Friday, March 24, 2006

Academic Diversity™

A statement from Yale University, defending its decision to admit former Taliban spokesman Ramatullah Hashemi pictured here, explained that he had "escaped the wreckage of Afghanistan." To anyone who is aware of the Taliban's barbaric treatment of the Afghan people, especially women, such words are offensive--as if Mr. Hashemi were not himself part of the wrecking crew. It is even more disturbing to learn that, while Mr. Hashemi sailed through Yale's admissions process, the school turned down the opportunity to enroll women who really did escape the wreckage of Afghanistan.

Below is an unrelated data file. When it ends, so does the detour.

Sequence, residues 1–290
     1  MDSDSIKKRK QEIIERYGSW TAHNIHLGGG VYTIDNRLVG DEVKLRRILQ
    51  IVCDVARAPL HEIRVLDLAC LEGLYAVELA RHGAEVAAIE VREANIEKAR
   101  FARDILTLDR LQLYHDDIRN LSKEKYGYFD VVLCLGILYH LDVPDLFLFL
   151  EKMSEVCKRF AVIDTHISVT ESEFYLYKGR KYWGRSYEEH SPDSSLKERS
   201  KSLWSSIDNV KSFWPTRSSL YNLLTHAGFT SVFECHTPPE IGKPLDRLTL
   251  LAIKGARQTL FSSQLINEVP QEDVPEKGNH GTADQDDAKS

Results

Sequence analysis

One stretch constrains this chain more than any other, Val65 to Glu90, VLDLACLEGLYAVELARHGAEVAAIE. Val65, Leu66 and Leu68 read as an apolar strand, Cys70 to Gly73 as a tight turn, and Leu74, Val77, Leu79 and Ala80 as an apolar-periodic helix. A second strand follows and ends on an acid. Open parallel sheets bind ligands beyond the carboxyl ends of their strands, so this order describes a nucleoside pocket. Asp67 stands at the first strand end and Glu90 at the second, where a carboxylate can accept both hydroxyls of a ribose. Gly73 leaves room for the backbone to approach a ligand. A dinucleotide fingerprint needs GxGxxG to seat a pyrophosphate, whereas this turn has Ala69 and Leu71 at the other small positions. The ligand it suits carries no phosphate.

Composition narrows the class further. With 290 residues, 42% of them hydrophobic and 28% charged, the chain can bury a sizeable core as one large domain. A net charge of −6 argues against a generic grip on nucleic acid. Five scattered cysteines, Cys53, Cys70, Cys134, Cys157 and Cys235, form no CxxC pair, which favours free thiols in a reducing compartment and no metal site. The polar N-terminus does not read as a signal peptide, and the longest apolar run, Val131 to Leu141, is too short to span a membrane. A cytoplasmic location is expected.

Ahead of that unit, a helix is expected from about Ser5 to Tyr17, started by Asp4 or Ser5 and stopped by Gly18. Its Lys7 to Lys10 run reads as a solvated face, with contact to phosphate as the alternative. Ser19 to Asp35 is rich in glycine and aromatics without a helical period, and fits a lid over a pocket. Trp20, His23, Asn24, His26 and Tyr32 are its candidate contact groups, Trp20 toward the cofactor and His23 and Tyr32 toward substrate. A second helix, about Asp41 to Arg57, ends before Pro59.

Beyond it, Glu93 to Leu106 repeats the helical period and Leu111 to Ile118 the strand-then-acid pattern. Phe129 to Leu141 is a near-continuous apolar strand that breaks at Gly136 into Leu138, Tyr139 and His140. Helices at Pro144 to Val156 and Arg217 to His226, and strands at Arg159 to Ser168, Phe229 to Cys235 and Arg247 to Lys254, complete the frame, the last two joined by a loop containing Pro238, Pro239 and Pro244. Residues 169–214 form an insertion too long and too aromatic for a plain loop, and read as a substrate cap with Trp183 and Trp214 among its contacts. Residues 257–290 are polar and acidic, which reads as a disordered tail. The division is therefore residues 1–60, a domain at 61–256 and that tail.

In 2002, Yale received a letter from Paula Nirschel, the founder of the Initiative to Educate Afghan Women. The purpose of the organization, begun in that year, was to match young women in post-Taliban Afghanistan to U.S. colleges, where they could pursue a degree. Ms. Nirschel asked Yale if it wanted to award a spot in its next entering class to an Afghan woman. Yale declined.

Yale was not alone. Of the more than 2,000 schools contacted by Mrs. Nirschel, only three signed up right away: Roger Williams University in Rhode Island, Notre Dame College in New Hampshire and the University of Montana, Missoula. Four years later, the program enrolls 20 students at 10 universities.


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